Reference:   Of the Decrees of God, Commentary on the Shorter Catechism.


Author: Thomas Boston
Topics: Complaining
12.
The great, and glorious end for which God decreed the after-being of sin, is His own glory: and the ends subordinate thereunto are not a few. Particularly, God decreed the futurition of sin:1. That He might have occasion of glorifying His infinite wisdom, love, and grace in the redemption and salvation of a company of lost sinners through the death and sufferings of His own dear Son.2. That His patience and long suffering in bearing with and forbearing sinners, might be magnified, admired, and adored.3. That He might be honoured and glorified by the faith and repentance of His people, and their walking humbly with Him.4. That His justice might be illustriously displayed and glorified in the eternal damnation of reprobate sinners for their own sins and abominations, sin being the cause of their damnation, though not of their reprobation.

The great, and glorious end for which God decreed the after-being of sin, is His own glory: and the ends subordinate thereunto are not a few. Particularly, God decreed the futurition of sin: 1. That He might have occasion of glorifying His infinite wisdom, love, and grace in the redemption and salvation of a company of lost sinners through the death and sufferings of His own dear Son. 2. That His patience and long suffering in bearing with and forbearing sinners, might be magnified, admired, and adored. 3. That He might be honoured and glorified by the faith and repentance of His people, and their walking humbly with Him. 4. That His justice might be illustriously displayed and glorified in the eternal damnation of reprobate sinners for their own sins and abominations, sin being the cause of their damnation, though not of their reprobation.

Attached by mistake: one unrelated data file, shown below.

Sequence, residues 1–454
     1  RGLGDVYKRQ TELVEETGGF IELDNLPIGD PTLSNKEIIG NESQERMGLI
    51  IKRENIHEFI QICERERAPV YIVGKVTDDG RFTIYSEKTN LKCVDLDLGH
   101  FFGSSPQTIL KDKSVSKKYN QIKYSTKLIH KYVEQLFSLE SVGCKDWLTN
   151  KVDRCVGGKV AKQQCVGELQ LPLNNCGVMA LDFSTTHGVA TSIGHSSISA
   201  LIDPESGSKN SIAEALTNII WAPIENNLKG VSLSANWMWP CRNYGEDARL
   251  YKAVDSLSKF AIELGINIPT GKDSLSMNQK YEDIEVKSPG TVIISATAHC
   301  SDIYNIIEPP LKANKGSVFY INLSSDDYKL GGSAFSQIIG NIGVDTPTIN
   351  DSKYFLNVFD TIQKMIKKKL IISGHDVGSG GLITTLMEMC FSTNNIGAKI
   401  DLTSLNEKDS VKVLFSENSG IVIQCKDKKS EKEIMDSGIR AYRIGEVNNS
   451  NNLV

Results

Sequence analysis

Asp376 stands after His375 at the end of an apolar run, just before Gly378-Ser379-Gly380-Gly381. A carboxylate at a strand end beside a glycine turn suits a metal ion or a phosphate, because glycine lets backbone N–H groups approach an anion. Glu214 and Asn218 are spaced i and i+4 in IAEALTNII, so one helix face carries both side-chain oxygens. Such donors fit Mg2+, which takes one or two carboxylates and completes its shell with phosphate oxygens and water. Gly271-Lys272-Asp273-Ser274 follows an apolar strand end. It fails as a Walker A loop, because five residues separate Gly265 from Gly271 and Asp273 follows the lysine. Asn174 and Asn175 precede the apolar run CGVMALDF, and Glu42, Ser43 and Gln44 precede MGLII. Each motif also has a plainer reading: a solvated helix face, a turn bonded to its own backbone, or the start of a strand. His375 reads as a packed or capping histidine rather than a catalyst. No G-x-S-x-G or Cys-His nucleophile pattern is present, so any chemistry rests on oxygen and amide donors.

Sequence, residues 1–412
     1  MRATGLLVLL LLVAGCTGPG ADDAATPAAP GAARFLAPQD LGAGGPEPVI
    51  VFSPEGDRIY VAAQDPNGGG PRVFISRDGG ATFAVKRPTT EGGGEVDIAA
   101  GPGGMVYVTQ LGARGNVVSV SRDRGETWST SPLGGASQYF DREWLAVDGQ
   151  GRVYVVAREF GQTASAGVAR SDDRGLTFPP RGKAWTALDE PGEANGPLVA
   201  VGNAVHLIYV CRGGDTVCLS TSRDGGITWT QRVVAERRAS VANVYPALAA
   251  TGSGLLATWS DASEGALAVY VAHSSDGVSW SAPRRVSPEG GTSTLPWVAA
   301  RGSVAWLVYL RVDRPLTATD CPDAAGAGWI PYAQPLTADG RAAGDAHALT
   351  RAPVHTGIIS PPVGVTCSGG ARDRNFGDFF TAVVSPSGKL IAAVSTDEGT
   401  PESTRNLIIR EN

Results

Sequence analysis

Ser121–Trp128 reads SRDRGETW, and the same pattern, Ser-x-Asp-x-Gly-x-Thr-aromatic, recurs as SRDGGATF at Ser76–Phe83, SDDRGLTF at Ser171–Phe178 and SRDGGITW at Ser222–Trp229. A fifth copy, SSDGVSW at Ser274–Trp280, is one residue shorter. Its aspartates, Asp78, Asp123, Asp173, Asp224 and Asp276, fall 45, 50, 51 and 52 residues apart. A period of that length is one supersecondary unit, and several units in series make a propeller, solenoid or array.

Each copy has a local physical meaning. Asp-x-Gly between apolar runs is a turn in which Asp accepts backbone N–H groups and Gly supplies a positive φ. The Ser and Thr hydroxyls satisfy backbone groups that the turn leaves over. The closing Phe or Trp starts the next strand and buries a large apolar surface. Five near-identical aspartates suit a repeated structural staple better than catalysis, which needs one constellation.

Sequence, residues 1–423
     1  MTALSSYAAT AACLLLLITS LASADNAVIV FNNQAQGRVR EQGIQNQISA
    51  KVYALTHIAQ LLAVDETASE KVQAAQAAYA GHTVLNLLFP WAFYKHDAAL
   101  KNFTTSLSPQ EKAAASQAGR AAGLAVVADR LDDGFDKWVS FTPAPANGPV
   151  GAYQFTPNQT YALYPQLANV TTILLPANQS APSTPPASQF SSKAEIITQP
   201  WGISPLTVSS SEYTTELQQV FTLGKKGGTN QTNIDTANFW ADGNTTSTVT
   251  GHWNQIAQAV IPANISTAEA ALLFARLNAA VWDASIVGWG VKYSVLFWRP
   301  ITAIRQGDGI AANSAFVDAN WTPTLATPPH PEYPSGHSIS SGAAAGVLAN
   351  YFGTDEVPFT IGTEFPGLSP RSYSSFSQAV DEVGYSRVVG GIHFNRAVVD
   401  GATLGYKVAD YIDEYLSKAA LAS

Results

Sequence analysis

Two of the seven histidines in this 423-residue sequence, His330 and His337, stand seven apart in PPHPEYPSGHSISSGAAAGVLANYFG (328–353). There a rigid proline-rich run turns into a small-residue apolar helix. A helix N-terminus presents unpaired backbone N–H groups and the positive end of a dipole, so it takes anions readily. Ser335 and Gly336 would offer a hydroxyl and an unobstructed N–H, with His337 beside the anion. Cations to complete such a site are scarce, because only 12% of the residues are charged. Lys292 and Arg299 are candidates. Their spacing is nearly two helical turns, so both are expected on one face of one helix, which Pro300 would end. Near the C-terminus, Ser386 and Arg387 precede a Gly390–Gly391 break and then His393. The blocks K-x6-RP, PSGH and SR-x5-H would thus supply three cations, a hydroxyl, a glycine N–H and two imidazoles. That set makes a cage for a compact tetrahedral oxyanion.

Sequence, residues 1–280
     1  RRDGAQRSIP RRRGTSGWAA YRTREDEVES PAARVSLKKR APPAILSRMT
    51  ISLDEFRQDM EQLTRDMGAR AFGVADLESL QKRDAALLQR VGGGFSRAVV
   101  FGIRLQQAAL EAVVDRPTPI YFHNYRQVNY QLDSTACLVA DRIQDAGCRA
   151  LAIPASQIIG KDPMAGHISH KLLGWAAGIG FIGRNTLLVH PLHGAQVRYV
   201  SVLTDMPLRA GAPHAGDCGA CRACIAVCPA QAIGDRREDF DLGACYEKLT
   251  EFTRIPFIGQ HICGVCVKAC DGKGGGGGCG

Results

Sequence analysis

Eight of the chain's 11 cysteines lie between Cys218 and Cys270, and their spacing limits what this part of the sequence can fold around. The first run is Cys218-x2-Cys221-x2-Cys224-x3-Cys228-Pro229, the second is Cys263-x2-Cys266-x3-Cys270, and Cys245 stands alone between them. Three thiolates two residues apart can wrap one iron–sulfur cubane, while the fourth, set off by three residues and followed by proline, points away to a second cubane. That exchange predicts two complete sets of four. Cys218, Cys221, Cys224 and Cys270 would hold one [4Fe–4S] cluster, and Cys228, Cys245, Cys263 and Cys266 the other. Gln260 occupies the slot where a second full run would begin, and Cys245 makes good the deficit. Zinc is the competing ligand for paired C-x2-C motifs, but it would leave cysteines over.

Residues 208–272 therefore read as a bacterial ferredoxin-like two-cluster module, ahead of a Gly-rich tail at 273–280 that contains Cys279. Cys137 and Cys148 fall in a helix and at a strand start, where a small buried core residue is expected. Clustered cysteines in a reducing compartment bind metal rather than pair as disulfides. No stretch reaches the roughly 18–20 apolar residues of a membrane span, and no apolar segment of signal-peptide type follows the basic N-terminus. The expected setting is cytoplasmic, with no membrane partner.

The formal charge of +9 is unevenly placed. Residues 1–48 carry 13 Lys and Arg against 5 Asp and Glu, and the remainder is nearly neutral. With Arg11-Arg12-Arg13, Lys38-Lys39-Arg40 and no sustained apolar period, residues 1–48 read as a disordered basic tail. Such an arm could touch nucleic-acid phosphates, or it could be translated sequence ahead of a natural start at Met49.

Reference:   Of the Decrees of God, Commentary on the Shorter Catechism.


13.
It is our duty to look to God’s commands, and not to His decrees; to our own duty, and not to His purposes. The decrees of God are a vast ocean, into which many possibly have curiously pried to their own horror and despair; but few or none have ever pried into them to their own profit and satisfaction.

It is our duty to look to God's commands, and not to His decrees; to our own duty, and not to His purposes. The decrees of God are a vast ocean, into which many possibly have curiously pried to their own horror and despair; but few or none have ever pried into them to their own profit and satisfaction.

Reference:   Of the Decrees of God, Commentary on the Shorter Catechism.


Author: Thomas Boston
Topics: God-Decrees
14.